Human Rights Council: Taliban’s treatment of women is a “red line”

  • Michelle Bachelet does not trust the Taliban.


  • Afghan women fear persecution.



Yesterday, during a special meeting of the Human Rights Council on Afghanistan, the United Nations High Commissioner for Human Rights, Michelle Bachelet, warned that the Taliban's treatment of women would constitute a "red line".

In opening the discussions, Bachelet explained that "the way the (Taliban) treats women and girls and respects their rights to freedom, freedom of movement, education, expression and work, in accordance with international human rights standards, will constitute a red line."

"Ensuring that girls have access to high-quality secondary education will be a key indicator of the (Taliban's) commitment to respecting human rights," she added.

The Human Rights Council organizes three regular sessions a year, but if a third of the member states apply, a special session can be convened at any time.

The special sessions on Afghanistan are being held at the request of Pakistan, in its capacity as coordinator of the Organization of Islamic Cooperation on human rights and humanitarian issues, and Afghanistan, represented by the diplomat appointed by the previous government, with the support of nearly 100 countries, including France and the United States.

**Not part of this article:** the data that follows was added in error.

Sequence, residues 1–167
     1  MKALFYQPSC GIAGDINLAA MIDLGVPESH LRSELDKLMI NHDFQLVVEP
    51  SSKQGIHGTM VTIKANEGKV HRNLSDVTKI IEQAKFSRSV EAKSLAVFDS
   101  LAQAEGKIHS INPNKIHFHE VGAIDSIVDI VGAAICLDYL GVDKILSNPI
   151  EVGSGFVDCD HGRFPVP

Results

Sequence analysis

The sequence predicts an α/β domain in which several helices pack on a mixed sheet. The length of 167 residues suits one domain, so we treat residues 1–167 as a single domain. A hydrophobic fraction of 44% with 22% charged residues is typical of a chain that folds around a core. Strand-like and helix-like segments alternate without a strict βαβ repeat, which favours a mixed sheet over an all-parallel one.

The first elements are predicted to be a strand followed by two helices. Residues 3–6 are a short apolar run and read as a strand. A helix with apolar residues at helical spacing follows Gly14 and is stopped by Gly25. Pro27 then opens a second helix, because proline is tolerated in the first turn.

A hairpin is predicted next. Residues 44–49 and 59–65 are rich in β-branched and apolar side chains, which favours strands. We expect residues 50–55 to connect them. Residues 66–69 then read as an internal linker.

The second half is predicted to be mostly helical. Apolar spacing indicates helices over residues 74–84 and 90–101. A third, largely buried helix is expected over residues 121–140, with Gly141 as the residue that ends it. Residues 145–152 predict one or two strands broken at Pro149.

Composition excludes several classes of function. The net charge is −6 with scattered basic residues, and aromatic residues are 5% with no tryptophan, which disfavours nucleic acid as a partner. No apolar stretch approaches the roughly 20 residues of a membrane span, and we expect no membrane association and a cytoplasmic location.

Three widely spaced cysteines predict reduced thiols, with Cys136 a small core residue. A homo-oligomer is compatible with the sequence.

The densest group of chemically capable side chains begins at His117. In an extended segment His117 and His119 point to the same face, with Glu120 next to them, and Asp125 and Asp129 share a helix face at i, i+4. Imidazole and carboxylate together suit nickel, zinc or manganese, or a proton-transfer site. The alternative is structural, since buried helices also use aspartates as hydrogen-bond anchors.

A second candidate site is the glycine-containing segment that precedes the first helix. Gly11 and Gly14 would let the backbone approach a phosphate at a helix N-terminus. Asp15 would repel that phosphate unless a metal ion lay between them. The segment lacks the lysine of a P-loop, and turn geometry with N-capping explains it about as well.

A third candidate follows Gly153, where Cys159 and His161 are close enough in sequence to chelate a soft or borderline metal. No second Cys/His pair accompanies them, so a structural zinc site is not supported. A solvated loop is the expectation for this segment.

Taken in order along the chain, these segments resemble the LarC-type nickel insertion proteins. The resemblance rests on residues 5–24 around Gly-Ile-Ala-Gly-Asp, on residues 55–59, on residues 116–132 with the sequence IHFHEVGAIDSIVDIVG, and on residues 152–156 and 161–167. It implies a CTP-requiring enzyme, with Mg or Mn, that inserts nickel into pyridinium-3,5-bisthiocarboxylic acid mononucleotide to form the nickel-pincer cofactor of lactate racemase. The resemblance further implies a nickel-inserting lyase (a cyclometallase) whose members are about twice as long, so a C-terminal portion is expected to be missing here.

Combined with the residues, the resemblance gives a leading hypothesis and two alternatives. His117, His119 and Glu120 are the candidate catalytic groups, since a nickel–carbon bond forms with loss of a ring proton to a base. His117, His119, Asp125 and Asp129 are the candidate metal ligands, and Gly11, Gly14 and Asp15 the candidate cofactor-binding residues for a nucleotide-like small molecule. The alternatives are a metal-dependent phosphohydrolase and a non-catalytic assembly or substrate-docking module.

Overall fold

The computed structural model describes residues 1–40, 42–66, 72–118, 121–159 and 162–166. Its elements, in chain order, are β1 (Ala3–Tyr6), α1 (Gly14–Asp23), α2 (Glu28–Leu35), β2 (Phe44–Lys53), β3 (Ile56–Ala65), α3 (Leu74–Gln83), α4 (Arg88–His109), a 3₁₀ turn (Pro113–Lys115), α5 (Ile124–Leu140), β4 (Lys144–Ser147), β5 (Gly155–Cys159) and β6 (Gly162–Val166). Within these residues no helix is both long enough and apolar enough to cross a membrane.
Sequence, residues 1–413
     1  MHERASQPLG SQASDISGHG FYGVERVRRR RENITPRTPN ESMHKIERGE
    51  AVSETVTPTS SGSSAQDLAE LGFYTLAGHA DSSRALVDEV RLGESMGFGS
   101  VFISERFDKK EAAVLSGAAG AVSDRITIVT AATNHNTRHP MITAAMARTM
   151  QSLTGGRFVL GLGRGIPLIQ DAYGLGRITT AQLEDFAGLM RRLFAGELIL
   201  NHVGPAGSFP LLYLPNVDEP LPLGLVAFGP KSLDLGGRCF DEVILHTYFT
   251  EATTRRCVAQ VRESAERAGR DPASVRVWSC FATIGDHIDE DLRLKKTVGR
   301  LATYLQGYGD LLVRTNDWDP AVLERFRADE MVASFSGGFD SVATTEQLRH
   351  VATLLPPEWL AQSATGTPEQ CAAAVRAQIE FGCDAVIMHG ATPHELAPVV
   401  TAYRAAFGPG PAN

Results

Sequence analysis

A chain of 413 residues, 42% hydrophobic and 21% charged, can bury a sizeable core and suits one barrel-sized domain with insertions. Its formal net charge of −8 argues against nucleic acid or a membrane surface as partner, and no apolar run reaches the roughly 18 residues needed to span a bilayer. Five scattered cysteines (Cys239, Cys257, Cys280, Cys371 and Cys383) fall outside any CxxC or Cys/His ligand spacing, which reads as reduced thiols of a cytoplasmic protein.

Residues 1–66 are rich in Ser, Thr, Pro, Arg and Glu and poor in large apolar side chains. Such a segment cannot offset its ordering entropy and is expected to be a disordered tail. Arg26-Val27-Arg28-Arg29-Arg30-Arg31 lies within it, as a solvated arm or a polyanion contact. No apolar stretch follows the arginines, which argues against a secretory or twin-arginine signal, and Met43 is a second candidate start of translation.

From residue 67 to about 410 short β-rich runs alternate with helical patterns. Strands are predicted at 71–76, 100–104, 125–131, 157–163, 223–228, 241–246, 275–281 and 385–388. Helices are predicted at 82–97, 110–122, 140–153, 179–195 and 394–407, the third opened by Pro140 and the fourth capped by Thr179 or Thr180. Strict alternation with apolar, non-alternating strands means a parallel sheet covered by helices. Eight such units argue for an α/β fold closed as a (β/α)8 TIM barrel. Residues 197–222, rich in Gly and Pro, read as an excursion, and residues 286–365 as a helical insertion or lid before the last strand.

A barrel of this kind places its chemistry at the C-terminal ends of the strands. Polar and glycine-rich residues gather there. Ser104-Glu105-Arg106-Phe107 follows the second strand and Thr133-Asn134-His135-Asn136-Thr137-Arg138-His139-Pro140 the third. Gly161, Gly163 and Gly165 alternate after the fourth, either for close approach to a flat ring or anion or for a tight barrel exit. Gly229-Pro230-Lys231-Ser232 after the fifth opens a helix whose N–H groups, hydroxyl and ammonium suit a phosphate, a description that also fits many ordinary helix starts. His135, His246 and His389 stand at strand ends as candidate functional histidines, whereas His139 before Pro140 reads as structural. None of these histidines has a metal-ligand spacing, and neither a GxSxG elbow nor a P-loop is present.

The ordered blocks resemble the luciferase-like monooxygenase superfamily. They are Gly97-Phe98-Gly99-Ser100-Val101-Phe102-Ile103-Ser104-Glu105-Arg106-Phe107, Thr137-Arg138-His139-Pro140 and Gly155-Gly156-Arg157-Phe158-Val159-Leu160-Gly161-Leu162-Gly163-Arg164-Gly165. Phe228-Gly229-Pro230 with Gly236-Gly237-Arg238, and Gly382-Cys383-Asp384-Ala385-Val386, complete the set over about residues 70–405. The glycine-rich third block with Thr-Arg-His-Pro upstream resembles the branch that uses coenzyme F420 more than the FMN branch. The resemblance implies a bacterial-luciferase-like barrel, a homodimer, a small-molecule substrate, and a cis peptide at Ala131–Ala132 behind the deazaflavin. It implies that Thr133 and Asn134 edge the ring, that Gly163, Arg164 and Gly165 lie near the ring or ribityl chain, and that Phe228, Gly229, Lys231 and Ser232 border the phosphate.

Since taking power on August 15, the Taliban has been trying to convince Afghans that it has changed and that its regime will be less strict than its previous rule between 1996 and 2001.

She emphasized, in particular, that she would respect women's rights and would allow women to receive education and work, and would also guarantee the independence and freedom of the media.

However, this has not convinced the thousands of Afghans who flock to Kabul airport in an attempt to leave the country.

Bachelet said she had received "credible information indicating serious violations of international humanitarian law and other human rights violations in many areas under the effective (Taliban) authority."

Bachelet warned the movement that "human rights violations undermine the legitimacy of their perpetrators vis-à-vis the population, regional and international institutions and other states."

• Since assuming power on August 15, the Taliban movement has been trying to convince the Afghans that it has changed, and that its regime will be less strict than its previous rule between 1996 and 2001, and has emphasized in particular that it will respect women's rights.

Follow our latest local and sports news and the latest political and economic developments via Google news